Considering Alternatives to Traditional Funerals

Anatomical donations are an often overlooked cheap or cost-free alternative. Because many people are not well informed about the specifics of anatomy donation and its effects on the subsequent handling of remains, specific assistance is needed to make clear the procedures and time obligations of various programs. A diverse array of functional and financial barriers can prevent donation from going through, so you should not make firm plans for a memorial service until you are certain when remains will be returned. Note that the 2004 Uniform Anatomical Gift Act is very different from the original 1968 act; it allows many organizations to profit from cadaveric donation.

Considering alternatives to traditional funerals: Consider cremation. You can freely obtain information about it from various funeral service consumer alliances and societies. Family tradition and the deceased’s wishes may make cremation either an obvious or a shunned option. Be sure to work from the knowledge that an “alternative” is on equal footing for value with any form of disposition which the funeral industry may call “traditional”. Simple caskets and immediate burials are pushed because they are less expensive for the funeral home to provide, not because they are somehow inferior choices for those left behind. Cremation societies exist in many states to organize price-oriented consumer choice for this option. These societies can often save you money even if there are no local crematoria, as they can make arrangements with out-of-state crematoria.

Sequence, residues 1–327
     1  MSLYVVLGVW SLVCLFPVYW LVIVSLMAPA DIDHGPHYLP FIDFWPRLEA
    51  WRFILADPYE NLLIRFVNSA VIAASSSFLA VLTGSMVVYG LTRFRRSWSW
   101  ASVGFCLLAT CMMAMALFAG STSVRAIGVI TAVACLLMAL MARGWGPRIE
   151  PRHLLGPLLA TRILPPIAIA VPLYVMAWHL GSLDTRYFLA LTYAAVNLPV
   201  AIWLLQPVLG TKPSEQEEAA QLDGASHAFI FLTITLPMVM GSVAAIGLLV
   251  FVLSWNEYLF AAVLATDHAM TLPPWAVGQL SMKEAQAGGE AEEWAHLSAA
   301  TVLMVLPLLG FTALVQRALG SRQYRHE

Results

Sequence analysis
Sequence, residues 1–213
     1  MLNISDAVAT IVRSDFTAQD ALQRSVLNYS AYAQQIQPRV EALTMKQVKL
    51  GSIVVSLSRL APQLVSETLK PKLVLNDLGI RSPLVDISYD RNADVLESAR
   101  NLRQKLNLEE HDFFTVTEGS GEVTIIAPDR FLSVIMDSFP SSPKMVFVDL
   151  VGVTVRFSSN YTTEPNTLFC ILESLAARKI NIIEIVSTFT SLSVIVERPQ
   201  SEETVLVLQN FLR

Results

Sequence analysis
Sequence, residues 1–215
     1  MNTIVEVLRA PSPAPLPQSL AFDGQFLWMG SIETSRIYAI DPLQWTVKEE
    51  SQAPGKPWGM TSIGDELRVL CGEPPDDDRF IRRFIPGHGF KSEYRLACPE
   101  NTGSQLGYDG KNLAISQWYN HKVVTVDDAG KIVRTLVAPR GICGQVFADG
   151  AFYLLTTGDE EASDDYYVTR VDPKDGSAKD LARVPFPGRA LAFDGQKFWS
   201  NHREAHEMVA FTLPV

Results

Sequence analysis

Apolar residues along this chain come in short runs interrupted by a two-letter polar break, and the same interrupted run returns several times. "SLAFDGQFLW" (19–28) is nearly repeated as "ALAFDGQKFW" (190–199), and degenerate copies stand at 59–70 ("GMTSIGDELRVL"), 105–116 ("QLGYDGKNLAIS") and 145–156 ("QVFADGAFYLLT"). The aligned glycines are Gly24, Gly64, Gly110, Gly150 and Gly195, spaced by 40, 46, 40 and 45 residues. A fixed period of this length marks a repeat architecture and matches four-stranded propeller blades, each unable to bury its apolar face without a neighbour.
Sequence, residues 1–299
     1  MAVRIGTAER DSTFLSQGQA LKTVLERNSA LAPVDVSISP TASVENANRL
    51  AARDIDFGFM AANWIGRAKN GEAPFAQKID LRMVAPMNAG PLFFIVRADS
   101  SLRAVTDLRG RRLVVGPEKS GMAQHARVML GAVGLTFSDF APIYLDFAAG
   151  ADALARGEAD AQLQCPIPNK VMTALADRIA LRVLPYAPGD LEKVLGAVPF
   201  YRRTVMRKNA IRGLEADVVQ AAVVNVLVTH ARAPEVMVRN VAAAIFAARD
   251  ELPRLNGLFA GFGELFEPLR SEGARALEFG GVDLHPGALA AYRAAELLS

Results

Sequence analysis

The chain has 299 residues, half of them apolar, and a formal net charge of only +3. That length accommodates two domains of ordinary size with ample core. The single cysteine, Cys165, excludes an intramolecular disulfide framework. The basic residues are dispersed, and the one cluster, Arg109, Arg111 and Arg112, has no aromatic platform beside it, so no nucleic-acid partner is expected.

Discussing Budget Constraints with Funeral Directors

Once you provide the funeral director with a price range or specific budget, inquire about the level of flexibility in their pricing. An itemized statement for the funeral selections will allow you to see the cost breakdown and evaluate where cost savings can be made. Since funerals are a personal and private event, small cost-effective services can be just as meaningful as a more expensive service. High quality does not always have to be synonymous with high cost. Education and experience are valuable attributes when selecting a funeral, so don’t be afraid to ask questions. Be sure you are comfortable with the funeral director and that all changes in pricing are properly documented.

Specific legal provisions give you the right to: – Choose only the items you desire. – Decline embalming. – Use an “alternative container” instead of a casket for cremation. – Purchase a casket or urn from a source other than the funeral home.

Funeral directors can’t offer assistance in reducing a bill unless families are up-front and honest about their financial situation. Don’t be persuaded into funeral arrangements that you cannot afford. The most important thing to remember is to take your time in deciding what is best for you and the deceased. If possible, research funeral options to avoid making decisions under duress at a time of grief. It is in the legal rights of the consumer to select the items and services that you want or decline others. Price information must be provided in person and, if requested, over the phone. If you inquire about funeral arrangements over the phone, ask for a general price list to be sent to you in the mail.